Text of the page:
Preparing for an interview can be one of the toughest parts of your job search. It requires lots of preparation, practice, and confidence to get it just right. A big part of your preparation should be rehearsing your best answer to common interview questions. Even the boring ones. But you don’t want to provide a boring answer to any interview question, lest your interviewer find you forgettable. Keep in mind that your interviewer has probably heard the same answer to the same questions repeatedly. But you can do better. Here are some not-boring answers to even the dullest interview questions.
1. Tell Me About Yourself
What an interviewer wants to hear in response to this question is why you think you’re qualified for the role. It may be tempting to cover a wide range of interests or activities, but keep in mind that whatever your answer is, it should all relate back to you being a great fit for the role. Focus on your job history, your accomplishments, and your professional goals when answering this question. But also feel free to add in a little extra information about what you enjoy doing in your free time to add a little personality to your interview and make yourself that much more memorable to your interviewer.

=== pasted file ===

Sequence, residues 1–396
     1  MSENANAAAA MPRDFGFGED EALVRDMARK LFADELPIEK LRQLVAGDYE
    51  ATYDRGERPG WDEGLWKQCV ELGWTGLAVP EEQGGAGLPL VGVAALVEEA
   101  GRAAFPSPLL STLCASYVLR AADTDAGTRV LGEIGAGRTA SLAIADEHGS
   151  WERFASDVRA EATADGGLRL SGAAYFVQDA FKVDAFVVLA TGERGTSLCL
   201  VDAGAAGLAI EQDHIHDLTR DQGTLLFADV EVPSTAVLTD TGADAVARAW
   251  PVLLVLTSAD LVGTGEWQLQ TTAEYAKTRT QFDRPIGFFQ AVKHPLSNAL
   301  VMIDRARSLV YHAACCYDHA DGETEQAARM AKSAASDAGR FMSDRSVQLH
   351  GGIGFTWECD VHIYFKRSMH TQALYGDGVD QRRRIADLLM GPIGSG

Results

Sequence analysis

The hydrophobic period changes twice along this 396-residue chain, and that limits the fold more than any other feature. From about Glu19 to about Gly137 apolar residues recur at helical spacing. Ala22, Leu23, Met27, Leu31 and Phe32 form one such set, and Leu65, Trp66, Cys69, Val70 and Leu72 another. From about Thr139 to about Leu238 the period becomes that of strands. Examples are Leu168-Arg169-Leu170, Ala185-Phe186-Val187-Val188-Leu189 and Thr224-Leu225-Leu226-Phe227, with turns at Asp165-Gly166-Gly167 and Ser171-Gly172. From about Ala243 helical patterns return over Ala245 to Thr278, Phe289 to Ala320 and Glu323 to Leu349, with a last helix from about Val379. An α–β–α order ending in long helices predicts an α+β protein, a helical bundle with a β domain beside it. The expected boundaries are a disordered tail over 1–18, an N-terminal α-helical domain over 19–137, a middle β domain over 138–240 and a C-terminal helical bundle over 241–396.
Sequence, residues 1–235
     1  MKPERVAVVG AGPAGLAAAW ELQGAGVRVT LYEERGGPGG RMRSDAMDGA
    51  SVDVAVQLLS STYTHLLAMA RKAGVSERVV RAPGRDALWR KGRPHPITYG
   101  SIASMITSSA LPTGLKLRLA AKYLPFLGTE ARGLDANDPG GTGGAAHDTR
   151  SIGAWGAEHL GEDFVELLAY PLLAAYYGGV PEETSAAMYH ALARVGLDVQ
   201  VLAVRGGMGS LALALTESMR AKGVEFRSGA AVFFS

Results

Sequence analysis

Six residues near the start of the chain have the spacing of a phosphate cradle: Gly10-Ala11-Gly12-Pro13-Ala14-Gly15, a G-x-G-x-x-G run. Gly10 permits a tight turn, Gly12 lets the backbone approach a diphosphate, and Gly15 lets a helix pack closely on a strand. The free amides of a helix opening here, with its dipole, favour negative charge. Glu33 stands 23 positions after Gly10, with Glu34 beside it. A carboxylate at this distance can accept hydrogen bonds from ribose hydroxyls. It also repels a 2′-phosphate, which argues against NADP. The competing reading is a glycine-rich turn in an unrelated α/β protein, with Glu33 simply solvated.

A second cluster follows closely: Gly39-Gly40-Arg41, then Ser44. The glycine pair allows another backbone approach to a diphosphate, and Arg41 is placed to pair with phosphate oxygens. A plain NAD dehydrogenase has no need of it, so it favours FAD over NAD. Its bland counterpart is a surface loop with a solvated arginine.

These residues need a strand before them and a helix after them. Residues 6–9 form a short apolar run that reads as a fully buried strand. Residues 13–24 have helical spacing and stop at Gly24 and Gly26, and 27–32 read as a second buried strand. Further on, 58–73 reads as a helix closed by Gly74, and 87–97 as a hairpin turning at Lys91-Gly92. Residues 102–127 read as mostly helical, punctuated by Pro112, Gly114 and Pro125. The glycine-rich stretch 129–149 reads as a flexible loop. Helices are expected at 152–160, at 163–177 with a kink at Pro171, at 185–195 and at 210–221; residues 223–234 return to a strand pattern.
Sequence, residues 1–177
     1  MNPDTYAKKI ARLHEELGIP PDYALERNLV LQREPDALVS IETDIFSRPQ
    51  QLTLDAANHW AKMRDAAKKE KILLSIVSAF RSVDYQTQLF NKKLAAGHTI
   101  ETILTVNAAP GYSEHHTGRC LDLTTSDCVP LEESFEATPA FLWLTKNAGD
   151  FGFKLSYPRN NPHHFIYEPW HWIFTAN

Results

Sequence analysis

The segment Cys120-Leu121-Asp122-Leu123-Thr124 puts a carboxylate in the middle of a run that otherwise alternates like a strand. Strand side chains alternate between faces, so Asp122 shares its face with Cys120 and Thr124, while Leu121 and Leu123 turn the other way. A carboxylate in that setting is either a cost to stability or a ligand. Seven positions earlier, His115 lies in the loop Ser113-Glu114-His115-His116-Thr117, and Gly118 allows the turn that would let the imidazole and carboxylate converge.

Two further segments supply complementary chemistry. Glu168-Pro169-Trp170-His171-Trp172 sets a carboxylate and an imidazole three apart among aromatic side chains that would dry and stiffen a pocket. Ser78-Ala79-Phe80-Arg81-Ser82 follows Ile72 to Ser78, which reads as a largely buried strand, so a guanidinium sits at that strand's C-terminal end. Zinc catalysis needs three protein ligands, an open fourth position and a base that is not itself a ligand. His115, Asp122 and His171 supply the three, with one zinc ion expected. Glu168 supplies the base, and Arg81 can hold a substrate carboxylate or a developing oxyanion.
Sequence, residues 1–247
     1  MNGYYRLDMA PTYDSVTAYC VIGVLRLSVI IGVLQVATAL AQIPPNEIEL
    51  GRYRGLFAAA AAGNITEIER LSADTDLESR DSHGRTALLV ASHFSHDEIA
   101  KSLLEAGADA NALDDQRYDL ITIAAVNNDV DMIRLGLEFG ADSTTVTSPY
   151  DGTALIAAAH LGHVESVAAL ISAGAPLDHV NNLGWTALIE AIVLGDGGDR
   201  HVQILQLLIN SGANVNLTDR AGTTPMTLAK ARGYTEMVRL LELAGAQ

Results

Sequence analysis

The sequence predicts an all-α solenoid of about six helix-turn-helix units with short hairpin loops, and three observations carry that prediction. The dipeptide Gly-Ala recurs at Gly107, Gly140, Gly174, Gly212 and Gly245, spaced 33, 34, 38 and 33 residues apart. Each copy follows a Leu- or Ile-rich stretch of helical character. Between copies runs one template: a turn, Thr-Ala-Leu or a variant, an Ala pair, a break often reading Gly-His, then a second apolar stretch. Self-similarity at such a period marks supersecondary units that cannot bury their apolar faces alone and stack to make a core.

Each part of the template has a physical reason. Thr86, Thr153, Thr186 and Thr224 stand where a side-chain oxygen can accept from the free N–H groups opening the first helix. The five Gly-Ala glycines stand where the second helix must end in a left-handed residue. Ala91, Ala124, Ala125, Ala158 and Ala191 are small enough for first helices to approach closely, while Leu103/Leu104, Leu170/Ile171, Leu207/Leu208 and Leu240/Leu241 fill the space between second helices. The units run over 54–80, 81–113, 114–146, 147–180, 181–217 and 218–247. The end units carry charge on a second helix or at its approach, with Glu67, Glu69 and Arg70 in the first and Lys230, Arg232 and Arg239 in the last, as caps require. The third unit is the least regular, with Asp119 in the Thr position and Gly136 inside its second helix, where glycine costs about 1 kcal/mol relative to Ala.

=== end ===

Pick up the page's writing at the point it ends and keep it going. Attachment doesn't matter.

2. Why Do You Want to Work Here?
The worst possible answer to this question is because you need a job. Employers want to know that they are talking to candidates who are in it for more than just the paycheck. They want employees who want to be part of something bigger. Take this question as an opportunity to use your background knowledge about the company and about the role you are looking to fill. Show your interviewer that you are sincere in your interest and that you are committed to the company that you want to work for. That dedication will make you much more interesting to hiring managers because they know you will go the extra mile to make things work in your new job.
3 What Are Your Biggest Strengths?
Strengths are a critical part of your value to a company. Talking about your strengths is what you should be most able to do in an interview. But reading a laundry list of skills and abilities isn’t good enough. Your interviewer has presumably already read your resume. An interview is your chance to put those bullet points into context. Tell a story showcasing your strengths. Help your interviewer understand your value to an employer. Focus on the projects you’ve worked on and how your strengths led to business success.
4. What Is Your Biggest Weakness?
Weaknesses are also something an interviewer wants to know about. But be careful, you don’t want to talk yourself out of a job offer in response to this question. Since most interviewers are used to hearing fake sounding responses of perfectionism and problems of being too invested in the work, talk about a real weakness of yours. Do what you can to put a positive spin on it, but more importantly discuss how you are working to improve. Your weaknesses shouldn’t hold you back so long as you are self-aware enough to understand how they impact your work.
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